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A new Joy-Con drift lawsuit accuses Nintendo of ‘creating a product designed to break’
French consumer group calls on company to change controller manufacturing process
Nintendo has been hit with a new Switch Joy-Con drift lawsuit which accuses the company of planned obsolescence – a policy of producing goods designed to break so that they need to be replaced.
The lawsuit was filed in Paris by French non-profit consumer organisation UFC-Que Choisir, which said in a press release (via GamesIndistry.biz) that it was taking action in a bid to get Nintendo to change the way Joy-Cons are manufactured.
The drifting Joy-Con issue—which causes analogue sticks to register movement even when untouched—has seemingly always been a problem, but it was brought to wider public attention with the filing of a US class-action lawsuit in July 2019.
Having requested expert analysis, UFC-Que Choisir said it has identified two flaws that could be behind the problem: early wear and tear of the electronic circuits and an airtightness defect which enables fragments and dust to get inside the controller.
It also claims Nintendo recently modified the way Joy-Con controllers are created but failed to fix the problem.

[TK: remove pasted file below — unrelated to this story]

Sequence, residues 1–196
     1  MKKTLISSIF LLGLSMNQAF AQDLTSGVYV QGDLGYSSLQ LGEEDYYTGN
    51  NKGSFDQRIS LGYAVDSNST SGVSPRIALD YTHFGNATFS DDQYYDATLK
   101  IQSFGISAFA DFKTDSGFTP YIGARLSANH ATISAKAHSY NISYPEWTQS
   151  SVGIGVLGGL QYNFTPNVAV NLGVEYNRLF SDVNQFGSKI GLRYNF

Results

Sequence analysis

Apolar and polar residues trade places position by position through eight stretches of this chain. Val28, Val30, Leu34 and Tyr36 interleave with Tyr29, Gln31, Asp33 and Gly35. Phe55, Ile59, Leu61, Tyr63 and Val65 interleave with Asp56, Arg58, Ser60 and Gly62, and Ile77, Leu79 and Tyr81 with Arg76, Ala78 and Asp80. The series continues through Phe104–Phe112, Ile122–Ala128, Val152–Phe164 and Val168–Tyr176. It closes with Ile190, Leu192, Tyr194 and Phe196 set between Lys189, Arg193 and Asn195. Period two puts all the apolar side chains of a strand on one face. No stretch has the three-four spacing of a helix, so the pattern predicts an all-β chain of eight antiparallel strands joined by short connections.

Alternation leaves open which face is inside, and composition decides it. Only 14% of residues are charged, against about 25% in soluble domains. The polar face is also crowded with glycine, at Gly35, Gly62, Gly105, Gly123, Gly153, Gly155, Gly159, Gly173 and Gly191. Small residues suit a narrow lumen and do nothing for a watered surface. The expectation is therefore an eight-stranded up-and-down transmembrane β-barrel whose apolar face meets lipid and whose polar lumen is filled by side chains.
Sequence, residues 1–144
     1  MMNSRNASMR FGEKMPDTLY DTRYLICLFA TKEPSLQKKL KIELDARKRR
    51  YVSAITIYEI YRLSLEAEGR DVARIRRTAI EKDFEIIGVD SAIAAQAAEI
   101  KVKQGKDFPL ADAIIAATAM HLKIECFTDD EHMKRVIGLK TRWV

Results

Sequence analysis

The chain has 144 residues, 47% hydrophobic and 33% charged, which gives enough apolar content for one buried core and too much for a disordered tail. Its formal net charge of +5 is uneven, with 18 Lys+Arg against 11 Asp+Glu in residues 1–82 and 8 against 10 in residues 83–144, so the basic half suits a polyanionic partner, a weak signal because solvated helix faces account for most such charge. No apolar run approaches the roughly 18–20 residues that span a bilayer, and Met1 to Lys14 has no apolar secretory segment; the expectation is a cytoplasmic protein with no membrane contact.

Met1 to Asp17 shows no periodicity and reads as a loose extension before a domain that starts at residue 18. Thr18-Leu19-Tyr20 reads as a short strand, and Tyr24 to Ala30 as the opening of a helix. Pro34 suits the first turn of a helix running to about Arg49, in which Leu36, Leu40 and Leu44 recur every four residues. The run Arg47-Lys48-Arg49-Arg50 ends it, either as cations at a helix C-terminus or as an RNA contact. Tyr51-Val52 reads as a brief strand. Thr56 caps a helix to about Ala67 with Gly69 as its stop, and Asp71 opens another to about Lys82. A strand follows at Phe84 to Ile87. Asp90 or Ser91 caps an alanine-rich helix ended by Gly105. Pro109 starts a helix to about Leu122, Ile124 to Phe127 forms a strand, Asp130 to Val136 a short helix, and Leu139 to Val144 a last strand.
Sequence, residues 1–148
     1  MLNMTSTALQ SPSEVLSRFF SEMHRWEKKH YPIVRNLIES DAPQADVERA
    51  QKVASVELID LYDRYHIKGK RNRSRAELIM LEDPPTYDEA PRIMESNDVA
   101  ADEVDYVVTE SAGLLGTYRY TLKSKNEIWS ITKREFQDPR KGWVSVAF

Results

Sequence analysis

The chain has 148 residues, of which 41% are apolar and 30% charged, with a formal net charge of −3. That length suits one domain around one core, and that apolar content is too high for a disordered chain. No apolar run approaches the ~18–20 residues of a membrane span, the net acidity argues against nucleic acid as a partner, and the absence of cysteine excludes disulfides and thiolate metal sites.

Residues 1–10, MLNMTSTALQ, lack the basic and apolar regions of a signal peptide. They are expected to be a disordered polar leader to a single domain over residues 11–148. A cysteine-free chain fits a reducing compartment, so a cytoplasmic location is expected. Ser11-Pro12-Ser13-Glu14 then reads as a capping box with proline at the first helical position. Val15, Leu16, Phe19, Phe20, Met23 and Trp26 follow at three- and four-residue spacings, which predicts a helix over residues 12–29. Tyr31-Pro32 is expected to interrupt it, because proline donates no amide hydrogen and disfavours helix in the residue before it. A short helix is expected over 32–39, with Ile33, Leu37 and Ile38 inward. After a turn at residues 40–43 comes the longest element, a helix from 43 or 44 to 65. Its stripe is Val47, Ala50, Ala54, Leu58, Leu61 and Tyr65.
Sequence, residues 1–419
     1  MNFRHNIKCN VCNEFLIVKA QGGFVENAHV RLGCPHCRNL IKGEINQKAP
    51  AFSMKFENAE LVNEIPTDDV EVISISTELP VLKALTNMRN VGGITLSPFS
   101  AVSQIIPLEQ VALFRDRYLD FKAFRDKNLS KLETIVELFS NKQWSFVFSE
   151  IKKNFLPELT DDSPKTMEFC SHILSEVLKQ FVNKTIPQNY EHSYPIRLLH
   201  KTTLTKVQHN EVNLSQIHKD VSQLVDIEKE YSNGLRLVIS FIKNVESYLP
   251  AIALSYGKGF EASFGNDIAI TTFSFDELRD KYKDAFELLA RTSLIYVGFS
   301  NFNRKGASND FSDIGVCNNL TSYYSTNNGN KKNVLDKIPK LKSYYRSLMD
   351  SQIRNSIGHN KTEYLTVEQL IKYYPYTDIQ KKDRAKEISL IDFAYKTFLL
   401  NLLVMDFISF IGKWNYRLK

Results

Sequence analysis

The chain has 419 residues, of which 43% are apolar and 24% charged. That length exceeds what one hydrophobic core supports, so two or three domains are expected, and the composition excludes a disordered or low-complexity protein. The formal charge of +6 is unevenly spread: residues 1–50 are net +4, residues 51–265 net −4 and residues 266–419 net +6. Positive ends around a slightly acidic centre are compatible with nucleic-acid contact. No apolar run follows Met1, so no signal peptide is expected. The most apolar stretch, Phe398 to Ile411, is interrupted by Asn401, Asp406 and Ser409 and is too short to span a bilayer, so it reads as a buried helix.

UFC-Que Choisir said: “The nature of the failure, how frequently it occurs for players, the limited lifespan of the products and the manufacturer’s inertia despite being informed of the defect… These are all characteristic of planned obsolescence practices at Nintendo.”
Shortly after the July 2019 class-action lawsuit was filed, Nintendo reportedly stopped charging for repair of drifting Joy-Cons and began refunding those who had already paid for a fix, although it did not acknowledge an actual fault with Switch controllers.
The earlier Joy-Con lawsuit was amended in September 2019 to include the Switch Lite, and in March of this year a US District Judge approved Nintendo’s move to compel arbitration, but also rejected the platform holder’s bid to dismiss the case.
Nintendo’s president offered the company’s first public apology for Switch’s drifting Joy-Con issue during an investor Q&A in June 2020.
“We apologize for any inconvenience caused to our customers regarding Joy-Con controllers,” Shuntaro Furukawa said.
“We are continuing to improve our products, but currently Joy-Con is subject to a class-action lawsuit in the United States and is a pending issue so we cannot comment on any specific actions we may take.”